Subscribe to our free daily newsletters
. 24/7 Space News .




Subscribe to our free daily newsletters



Keck And Hubble Team Up To Find Farthest Known Galaxy In The Universe

illustration only
Kamuela - Feb 16, 2004
A team of astronomers may have discovered the most distant galaxy in the universe. Located an estimated 13 billion light-years away, the object is being viewed at a time only 750 million years after the big bang, when the universe was barely 5 percent of its current age.

The primeval galaxy was identified by combining the power of NASA's Hubble Space Telescope and CARA's W. M. Keck Telescopes on Mauna Kea in Hawaii. These great observatories got a boost from the added magnification of a natural "cosmic gravitational lens" in space that further amplifies the brightness of the distant object.

"We are looking at the first evidence of our ancestors on the evolutionary tree of the entire universe," said Dr. Frederic Chaffee, director of the W.

M. Keck Observatory, home to the twin 10-meter Keck telescopes that confirmed the discovery. "Telescopes are virtual time machines, allowing our astronomers to look back to the early history of the cosmos, and these marvelous observations are of the earliest time yet."

The newly discovered galaxy is likely to be a young galaxy shining during the end of the so-called "Dark Ages" -- the period in cosmic history which ended with the first galaxies and quasars transforming opaque, molecular hydrogen into the transparent, ionized universe we see today.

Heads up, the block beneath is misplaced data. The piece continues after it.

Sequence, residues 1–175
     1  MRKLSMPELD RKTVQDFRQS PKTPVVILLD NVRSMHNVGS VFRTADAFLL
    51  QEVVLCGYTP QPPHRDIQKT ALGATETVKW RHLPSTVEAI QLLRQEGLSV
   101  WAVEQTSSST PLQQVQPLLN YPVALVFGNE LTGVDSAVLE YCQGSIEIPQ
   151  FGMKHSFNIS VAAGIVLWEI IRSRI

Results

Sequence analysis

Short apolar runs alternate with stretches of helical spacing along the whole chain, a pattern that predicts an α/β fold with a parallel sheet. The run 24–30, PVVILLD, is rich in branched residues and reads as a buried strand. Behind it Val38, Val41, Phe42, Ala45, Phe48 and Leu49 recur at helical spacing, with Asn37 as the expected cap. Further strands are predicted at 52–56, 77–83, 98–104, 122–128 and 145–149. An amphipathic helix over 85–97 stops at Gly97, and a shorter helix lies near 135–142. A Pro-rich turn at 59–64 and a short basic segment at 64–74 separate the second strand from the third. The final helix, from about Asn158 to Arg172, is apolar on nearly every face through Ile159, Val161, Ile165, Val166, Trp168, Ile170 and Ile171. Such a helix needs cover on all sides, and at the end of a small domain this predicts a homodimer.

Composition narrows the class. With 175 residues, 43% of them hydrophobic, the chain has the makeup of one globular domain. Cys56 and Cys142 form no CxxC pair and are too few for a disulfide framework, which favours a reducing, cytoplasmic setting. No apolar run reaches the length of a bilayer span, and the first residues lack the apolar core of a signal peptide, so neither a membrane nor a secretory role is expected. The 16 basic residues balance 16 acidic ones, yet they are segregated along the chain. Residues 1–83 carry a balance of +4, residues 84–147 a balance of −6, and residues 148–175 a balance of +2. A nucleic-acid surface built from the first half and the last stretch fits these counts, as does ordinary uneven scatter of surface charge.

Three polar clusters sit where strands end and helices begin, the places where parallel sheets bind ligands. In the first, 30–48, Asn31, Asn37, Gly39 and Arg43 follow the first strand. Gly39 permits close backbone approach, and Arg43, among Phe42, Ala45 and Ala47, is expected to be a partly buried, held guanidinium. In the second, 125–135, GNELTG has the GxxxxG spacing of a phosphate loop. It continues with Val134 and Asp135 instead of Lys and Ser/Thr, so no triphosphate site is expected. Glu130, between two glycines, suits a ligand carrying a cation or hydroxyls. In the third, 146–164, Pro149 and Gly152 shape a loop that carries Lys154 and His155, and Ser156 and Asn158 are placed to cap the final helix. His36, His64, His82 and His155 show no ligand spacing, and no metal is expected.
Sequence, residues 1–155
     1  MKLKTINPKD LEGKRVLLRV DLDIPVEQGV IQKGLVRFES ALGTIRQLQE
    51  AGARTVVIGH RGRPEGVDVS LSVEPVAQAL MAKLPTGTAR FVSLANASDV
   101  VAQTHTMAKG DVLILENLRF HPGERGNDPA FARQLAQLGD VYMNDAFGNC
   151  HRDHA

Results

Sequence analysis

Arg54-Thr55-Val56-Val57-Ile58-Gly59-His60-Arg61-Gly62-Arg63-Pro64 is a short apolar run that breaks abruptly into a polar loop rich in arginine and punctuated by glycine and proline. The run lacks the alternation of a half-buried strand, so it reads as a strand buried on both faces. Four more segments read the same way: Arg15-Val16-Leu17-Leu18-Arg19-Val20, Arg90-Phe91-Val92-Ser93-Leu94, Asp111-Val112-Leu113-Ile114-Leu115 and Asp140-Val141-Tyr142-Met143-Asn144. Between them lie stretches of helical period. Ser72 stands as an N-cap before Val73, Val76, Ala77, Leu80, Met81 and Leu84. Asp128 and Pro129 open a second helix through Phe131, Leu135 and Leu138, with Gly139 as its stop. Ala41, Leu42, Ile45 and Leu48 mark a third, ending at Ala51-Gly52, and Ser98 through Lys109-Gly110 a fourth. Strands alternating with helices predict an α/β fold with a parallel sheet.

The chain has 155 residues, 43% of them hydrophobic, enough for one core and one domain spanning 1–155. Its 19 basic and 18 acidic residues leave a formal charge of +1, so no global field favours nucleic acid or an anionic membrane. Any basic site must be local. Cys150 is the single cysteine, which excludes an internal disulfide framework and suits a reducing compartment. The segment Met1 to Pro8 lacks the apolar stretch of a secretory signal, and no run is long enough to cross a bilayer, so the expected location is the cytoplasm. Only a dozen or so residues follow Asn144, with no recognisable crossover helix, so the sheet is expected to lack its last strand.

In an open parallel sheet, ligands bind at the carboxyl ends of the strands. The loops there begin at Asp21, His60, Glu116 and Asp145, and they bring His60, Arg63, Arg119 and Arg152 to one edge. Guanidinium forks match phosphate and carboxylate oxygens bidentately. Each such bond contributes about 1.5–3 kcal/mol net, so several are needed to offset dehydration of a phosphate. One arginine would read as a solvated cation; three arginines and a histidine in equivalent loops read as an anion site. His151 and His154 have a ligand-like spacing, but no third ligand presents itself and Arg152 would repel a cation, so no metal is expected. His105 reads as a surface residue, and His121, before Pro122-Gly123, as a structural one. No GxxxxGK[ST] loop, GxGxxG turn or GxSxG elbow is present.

The new galaxy was detected in a long exposure of the nearby cluster of galaxies Abell 2218, taken with the Advanced Camera for Surveys on board the Hubble Space Telescope. This cluster is so massive that the light of distant objects passing through the cluster actually bends and is amplified, much as a magnifying glass bends and magnifies objects seen through it.

Such natural gravitational "telescopes" allow astronomers to see extremely distant and faint objects that could otherwise not be seen. The extremely faint galaxy is so far away its visible light has been stretched into infrared wavelengths, making the observations particularly difficult.

"As we were searching for distant galaxies magnified by Abell 2218, we detected a pair of strikingly similar images whose arrangement and color indicate a very distant object," said California Institute of Technology (Caltech) astronomer Jean-Paul Kneib, who is lead author reporting the discovery in a forthcoming article in the Astrophysical Journal.